“McSorley’s Bar,” oil on canvas, by John Sloan, 1912.

by David Watts

Yesterday we sat in the afternoon sun,
conscious how time was dissolving into the chill
of evening, sipping our cappuccino
or ginger ale between words
that my friend drew forth
like the inexplicable raising of nectar
into honey, and I heard for the second time
the news of his heart transplant,
details like a post card from a foreign country
navigating the impermanent collection of sludge and ether
I call my body, to the cabbage-like brain
swelling to make room for this surging astonishment.

He’d been lying on the slab, he said, stoned on Valium,
the surgeons dotted around the perimeter
discussing which parts of the dying man next door
they’d plant in him, removing the tattered bag
of his heart, lying-in like a newborn
in another man’s dream. The surgeon from Texas
leaned in and said, We’re about to give you what you need.

My friend woke in the astonished manner of expectation
when, met with the unexpected, rises
to a broader view, alive and aware
of the vigorous pump and surge of his new heart,
a dying gift from a man who no longer had use for it,
whipping about like a catfish in a river cove.

My friend stopped his story then, and tilted his head.
You know, he said, they never tell you
the identity of the person who gives you the heart,
but I awoke knowing his name and his three children.

He grasped his teacup in both hands
the delicate way one handles a gardenia blossom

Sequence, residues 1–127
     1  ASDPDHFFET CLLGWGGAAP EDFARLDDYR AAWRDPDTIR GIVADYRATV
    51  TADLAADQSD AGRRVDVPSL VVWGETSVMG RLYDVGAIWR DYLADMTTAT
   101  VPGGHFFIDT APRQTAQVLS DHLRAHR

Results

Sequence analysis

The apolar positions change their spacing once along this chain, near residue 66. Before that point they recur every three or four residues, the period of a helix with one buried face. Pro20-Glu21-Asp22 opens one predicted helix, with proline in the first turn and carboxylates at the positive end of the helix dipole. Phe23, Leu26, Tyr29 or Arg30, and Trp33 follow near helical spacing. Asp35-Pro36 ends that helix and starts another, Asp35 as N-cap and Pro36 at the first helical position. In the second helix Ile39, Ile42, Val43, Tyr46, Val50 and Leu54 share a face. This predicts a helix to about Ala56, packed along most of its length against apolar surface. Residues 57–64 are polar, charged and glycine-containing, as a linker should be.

just petaling open.

The afternoon dimmed and turned to embrace
the inevitably of night as we lingered, squeezing
the paling moments for their last sweetwater
drippings, drawing  into our bodies
what warmth we could.

Yet something far more than flesh and grit
was riding the chest of my friend,
sitting across from me, alive
in this world, augmented somehow.

There was a silence then,
nothing would do but silence
in which his story settled in me like my own new heart,
clinching and whispering,
as we rose and stretched and walked away
into the murmuring, breathing night.

omega man

David Watts’s literary credits include seven books of poetry, three collections of short stories, two mystery novels, seven western novels, a Christmas memoir, and several essays. He is a medical doctor, a classically trained musician, inventor and former television personality and commentator for All Things Considered. He has received awards for his work in media, in medicine, and as a poet and author.